Setting Goals for the Race Season

The goal setting process is going to vary for people depending on what type of racing, past race experience and amount of training dedicated to an event. For instance, if you have set your sights on your first 5k, your race goals are going to vary greatly from someone who has been running marathons. The same holds true for a cyclist versus a runner. This article will give you some general guidelines for the goal setting processed based on your sport and experience level. Of the disciplines discussed in this article there are a few common factors which include but are not limited to proper nutrition. hydration, appropriate sleep/rest and weather.

Let’s begin with the goal of running a road race. If it is the first race that you have ever run your goals will be based solely on  your training. Say you average a 10 minute mile during a typical training run, you will want to figure a slightly faster race pace, based on adrenaline and the desire to keep up with the pack. To more accurately estimate an appropriate finish time I would recommend doing a “dry” run of the course about 2 weeks out if possible and make this a “tempo” (comfortably hard) run. By doing a timed training run on the course you will get a better sense of what you can anticipate in terms of actual distance and terrain (hills, flats, etc.) and you will also want to try to plan the training run at about the same time of day that the race is scheduled for.  Including as many variables as you can to mimic the race day experience will provide the most accurate estimate of race day finish time.

After getting a couple of races under your belt you can then set your race goals based on previous times. If you choose to run the same race you can compare your previous race times and training for the current season to come up with a fairly close estimate of your projected finish time. If however, you choose a different race, be sure to look at terrain (trail vs. street) and the number and grade of hills on the race course. If there are more hills there is a good chance that your time may be slightly slower than that of a flatter course. Knowing the elevation of the course will also help with the training and preparation phase. As you continue your running you will learn to build in days with more hill training and speed work.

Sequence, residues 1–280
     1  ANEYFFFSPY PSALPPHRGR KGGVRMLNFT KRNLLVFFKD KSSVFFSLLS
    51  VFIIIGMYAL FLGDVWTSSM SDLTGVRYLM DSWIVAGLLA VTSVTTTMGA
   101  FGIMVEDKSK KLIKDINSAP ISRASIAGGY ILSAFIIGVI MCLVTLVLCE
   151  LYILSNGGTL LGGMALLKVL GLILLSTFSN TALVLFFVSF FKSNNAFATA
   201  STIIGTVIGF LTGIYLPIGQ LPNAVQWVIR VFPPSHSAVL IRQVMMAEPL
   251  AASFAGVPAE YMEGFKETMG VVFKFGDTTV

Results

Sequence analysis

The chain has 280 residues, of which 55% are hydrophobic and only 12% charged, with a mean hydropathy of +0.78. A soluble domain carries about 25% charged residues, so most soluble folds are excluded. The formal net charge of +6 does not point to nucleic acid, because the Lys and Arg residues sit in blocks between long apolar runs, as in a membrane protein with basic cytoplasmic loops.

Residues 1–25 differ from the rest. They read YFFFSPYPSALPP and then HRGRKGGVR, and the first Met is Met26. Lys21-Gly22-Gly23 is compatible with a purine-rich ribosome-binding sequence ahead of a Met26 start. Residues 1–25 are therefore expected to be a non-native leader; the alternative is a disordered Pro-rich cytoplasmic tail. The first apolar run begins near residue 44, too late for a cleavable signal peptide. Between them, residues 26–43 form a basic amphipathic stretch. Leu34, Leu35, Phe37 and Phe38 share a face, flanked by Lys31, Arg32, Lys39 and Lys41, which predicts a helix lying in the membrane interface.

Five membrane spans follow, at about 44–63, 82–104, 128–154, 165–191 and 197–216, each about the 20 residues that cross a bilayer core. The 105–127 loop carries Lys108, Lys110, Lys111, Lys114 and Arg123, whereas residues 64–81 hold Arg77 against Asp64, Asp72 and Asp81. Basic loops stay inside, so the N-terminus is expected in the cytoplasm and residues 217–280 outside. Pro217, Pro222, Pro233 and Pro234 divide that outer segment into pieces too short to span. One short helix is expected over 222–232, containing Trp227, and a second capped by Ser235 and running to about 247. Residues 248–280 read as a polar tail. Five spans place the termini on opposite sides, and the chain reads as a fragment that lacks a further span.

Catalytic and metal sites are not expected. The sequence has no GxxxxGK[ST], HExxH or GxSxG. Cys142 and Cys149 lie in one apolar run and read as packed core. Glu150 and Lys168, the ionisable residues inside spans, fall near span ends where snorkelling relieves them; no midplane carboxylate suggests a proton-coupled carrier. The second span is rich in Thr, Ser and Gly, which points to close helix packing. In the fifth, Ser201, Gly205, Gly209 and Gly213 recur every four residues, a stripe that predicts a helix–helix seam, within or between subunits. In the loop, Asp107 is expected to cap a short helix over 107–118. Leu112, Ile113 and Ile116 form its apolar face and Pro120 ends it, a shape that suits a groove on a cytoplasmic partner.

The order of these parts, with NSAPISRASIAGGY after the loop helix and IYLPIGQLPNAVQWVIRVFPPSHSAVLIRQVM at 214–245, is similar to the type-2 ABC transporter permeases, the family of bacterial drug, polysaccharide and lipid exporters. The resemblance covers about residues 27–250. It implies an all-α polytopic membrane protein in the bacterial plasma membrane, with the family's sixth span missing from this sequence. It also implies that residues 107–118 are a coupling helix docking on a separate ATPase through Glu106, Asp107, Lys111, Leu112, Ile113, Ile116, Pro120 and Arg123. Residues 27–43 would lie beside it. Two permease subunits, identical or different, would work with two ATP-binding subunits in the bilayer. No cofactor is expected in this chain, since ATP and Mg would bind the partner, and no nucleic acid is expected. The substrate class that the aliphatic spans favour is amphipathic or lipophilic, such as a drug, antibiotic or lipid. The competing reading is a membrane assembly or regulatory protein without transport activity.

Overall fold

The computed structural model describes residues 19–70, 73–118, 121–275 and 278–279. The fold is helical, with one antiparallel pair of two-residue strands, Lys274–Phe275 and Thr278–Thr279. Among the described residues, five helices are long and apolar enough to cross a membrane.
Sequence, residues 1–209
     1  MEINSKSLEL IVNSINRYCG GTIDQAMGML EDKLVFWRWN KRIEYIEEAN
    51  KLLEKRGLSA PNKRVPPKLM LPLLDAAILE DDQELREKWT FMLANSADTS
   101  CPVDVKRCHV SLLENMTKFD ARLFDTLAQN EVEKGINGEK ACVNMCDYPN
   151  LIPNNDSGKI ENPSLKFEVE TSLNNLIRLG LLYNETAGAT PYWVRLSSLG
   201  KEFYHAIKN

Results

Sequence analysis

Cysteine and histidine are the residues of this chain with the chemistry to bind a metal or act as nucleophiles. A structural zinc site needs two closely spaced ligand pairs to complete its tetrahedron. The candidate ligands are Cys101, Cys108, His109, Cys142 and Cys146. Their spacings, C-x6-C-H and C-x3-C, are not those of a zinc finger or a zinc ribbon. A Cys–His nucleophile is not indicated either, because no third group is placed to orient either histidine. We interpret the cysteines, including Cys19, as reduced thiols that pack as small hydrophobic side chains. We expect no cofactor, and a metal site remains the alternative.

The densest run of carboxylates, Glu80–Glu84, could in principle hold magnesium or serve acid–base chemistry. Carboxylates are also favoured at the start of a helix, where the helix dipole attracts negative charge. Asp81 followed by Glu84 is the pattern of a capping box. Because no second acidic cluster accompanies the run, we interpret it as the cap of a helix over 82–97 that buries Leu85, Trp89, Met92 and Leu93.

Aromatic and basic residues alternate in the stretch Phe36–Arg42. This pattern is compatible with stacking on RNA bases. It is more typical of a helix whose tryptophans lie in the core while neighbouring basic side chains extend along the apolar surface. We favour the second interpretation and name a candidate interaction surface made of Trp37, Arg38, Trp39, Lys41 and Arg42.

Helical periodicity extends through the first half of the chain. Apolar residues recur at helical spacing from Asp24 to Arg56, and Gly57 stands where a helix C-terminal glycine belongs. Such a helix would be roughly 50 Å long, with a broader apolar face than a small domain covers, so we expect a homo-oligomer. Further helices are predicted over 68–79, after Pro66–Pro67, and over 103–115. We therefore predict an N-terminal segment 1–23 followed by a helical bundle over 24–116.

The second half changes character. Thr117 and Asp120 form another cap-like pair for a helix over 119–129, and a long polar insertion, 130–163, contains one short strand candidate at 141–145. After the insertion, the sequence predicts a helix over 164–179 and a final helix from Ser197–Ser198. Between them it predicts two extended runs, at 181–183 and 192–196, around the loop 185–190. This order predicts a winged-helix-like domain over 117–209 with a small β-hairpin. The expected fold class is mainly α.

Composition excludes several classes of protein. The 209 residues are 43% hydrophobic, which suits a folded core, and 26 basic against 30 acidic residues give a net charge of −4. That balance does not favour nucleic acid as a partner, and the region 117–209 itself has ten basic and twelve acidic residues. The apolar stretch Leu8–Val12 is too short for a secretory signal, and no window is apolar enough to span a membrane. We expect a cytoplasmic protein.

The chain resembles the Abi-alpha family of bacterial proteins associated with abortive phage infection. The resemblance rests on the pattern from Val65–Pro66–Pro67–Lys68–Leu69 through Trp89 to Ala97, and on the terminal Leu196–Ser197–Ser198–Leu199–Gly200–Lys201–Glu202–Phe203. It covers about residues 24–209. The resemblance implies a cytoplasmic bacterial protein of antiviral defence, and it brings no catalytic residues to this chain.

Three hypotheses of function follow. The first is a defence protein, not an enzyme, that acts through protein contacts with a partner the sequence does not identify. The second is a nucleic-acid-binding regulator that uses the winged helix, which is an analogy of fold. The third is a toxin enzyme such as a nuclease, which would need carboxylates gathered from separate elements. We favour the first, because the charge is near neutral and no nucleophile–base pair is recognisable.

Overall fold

If you are a cyclist or aspiring cyclist establishing goals is slightly different. If you begin training alone, time yourself for your average mile pace, so that when you plan your rides you can get a sense of how long it will take to complete a given distance. Once you have established that initial average you can then refine your power output and cadence to improve your average mile pace. Once you have begun riding, you may want to consider joining a group ride. The group dynamic will provide an opportunity to learn more about training technique and will also allow you to draft off other riders which will provide a 20-30% improvement in efficiency on average.

For the seasoned cyclist, it is recommended to schedule the same race from year to year to accurately measure improvements in performance. The terrain will remain the same and the only unpredicted variable is the weather. Once you have done a race it is easier to assess where your weaknesses lie and be able set your goals based on where you need to improve. An accurate estimation of finish time is more likely when you are familiar with the race course. If you are serious about the sport and are willing to invest some money to upgrade the bike and buy a few useful gadgets such as a computer and power meter you can more accurately analyze your riding performance to set your goals.